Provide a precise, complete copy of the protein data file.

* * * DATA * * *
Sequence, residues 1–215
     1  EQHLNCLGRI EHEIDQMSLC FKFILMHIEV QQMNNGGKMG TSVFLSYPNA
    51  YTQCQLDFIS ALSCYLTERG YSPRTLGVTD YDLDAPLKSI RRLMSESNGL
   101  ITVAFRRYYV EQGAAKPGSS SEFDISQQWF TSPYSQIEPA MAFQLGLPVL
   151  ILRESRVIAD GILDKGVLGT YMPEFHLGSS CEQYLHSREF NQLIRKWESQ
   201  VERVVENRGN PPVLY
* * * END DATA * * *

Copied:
Sequence, residues 1–215
     1  EQHLNCLGRI EHEIDQMSLC FKFILMHIEV QQMNNGGKMG TSVFLSYPNA
    51  YTQCQLDFIS ALSCYLTERG YSPRTLGVTD YDLDAPLKSI RRLMSESNGL
   101  ITVAFRRYYV EQGAAKPGSS SEFDISQQWF TSPYSQIEPA MAFQLGLPVL
   151  ILRESRVIAD GILDKGVLGT YMPEFHLGSS CEQYLHSREF NQLIRKWESQ
   201  VERVVENRGN PPVLY